Roots of water scarcity 

#GS3 #Environment #WaterStress  

Nature-based solutions like planting of trees and restoration of forests are often touted as the panacea for water conservation. This is because forest watersheds - lands covered by forests which drain all the water flowing through them into waterbodies like rivers or lakes - provide a whopping 75 percent of the world’s accessible freshwater resources. But many organisations implementing this crucial nature-based solution have been unable to differentiate between restoration of forests and planting trees.  

Issue in India  

  • In India, afforestation was one of the interventions of the Union Government’s Jal Shakti Abhiyan, launched in July 2019, to make the country’s most waterstressed districts water secure.  
  • Under this programme, district administrations were encouraged to undertake planting of trees in a big way.  
  • It must be noted that simply planting trees will not conserve water. In fact, trees can suck up water and release it through evapotranspiration—water lost by trees to the atmosphere through tiny openings on the underside of their leaves known as stomata.  
  • According to Wildlife Institute of India, when sparsely vegetated land is converted into forest, there is a reduction in blue water (available for human use) and increase in green water (part of water available for plant use). Trees can consume more water than other shorter vegetation.  

What should be done?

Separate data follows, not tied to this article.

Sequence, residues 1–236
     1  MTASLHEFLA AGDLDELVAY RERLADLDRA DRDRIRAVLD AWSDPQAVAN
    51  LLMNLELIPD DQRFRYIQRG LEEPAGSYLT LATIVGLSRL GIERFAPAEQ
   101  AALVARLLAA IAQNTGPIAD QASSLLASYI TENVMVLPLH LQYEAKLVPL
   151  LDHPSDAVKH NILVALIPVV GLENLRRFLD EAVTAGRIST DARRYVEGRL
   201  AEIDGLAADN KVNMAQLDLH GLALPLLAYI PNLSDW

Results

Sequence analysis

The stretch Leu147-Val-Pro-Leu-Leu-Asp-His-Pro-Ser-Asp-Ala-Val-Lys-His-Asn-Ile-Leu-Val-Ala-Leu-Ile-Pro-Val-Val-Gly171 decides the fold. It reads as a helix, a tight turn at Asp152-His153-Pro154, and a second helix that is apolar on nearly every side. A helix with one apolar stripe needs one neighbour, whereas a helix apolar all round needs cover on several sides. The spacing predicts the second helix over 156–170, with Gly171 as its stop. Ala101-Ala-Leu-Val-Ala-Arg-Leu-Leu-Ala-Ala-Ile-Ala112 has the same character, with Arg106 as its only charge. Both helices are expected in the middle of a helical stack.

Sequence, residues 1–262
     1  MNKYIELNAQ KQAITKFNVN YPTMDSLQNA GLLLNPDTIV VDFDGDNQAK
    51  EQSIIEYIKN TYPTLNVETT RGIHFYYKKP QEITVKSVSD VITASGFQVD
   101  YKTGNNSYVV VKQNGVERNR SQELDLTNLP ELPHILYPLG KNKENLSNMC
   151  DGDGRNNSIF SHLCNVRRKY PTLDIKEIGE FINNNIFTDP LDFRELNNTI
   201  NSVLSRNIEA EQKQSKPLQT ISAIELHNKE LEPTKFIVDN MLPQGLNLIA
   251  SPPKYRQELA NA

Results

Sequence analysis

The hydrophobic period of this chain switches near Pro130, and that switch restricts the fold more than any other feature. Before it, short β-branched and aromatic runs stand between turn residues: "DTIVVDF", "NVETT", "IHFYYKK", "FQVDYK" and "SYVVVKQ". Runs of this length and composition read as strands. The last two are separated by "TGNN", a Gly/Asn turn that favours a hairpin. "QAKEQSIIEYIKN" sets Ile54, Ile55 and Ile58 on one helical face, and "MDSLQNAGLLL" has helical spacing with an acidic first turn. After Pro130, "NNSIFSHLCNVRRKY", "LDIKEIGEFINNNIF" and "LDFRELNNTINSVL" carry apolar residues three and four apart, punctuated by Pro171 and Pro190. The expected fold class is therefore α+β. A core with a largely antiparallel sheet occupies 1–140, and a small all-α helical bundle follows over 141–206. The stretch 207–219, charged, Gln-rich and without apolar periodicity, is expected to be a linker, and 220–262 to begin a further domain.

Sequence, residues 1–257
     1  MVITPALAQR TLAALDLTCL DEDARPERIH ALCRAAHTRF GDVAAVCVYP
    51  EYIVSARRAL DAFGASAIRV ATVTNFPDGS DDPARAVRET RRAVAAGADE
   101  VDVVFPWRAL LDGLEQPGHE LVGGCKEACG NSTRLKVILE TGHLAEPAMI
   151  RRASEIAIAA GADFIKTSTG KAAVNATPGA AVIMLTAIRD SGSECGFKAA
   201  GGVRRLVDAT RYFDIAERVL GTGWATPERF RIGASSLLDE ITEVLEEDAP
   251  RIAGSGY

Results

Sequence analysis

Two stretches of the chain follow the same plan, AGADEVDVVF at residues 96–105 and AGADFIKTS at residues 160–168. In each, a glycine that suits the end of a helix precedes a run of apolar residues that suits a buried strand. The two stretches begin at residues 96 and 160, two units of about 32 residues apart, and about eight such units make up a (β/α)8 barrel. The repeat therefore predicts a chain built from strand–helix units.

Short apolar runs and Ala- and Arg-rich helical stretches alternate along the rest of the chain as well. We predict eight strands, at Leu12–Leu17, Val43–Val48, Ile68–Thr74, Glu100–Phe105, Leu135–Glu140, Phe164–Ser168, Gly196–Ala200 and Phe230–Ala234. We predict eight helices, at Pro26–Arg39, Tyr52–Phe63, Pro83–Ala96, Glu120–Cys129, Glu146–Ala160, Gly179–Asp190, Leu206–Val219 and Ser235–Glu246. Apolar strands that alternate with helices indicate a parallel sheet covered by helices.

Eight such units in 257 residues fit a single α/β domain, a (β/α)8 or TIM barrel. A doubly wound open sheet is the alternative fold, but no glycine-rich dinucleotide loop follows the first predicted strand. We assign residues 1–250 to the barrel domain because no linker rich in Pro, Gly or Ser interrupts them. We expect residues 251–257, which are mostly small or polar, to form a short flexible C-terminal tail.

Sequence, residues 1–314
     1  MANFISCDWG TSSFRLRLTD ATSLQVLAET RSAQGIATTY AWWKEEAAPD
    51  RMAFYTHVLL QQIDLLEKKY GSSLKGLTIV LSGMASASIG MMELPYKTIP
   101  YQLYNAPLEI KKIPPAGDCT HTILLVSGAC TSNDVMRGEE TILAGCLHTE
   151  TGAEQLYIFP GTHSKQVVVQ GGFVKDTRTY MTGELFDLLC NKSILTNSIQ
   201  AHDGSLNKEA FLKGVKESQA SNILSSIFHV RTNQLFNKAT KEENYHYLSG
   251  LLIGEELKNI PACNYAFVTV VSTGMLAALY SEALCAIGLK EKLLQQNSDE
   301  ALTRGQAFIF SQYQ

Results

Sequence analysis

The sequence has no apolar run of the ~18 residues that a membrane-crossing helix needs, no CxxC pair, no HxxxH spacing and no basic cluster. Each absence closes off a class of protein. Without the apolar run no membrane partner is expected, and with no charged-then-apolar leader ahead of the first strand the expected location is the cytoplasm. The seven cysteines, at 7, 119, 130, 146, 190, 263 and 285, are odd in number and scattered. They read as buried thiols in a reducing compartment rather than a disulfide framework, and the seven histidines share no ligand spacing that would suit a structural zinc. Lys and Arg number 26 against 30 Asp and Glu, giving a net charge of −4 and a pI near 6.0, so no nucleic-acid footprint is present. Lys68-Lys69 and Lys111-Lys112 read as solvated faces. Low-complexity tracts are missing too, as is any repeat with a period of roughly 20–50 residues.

• First thing that should be noted is that of scale. In general, forest expansion of 2 sq km or more can increase the possibility of rainfall. Trees transport water to the air, and water vapour moves to another location, which can be far from the afforested area.  
  • The second aspect is what kind of tree species must be planted for water conservation. Invariably, fast growing broad leaved species such as eucalyptus and poplar consume more water as compared to needle-leaved species, such as casuarina and pines.  
  • The third aspect is that of site characteristics. Areas with varying ecology, soil and patterns of precipitation have different responses to large-scale plantations.  
  • Natural ecosystems, especially evergreen systems found along the Western Ghats, are much better at conserving water as they have complex root systems, which can hold large amounts of soil together and that can, in turn, hold large quantities of water in place.  
  • They also slow down the flow of water streams through them which helps the soil absorb and hold more water. 
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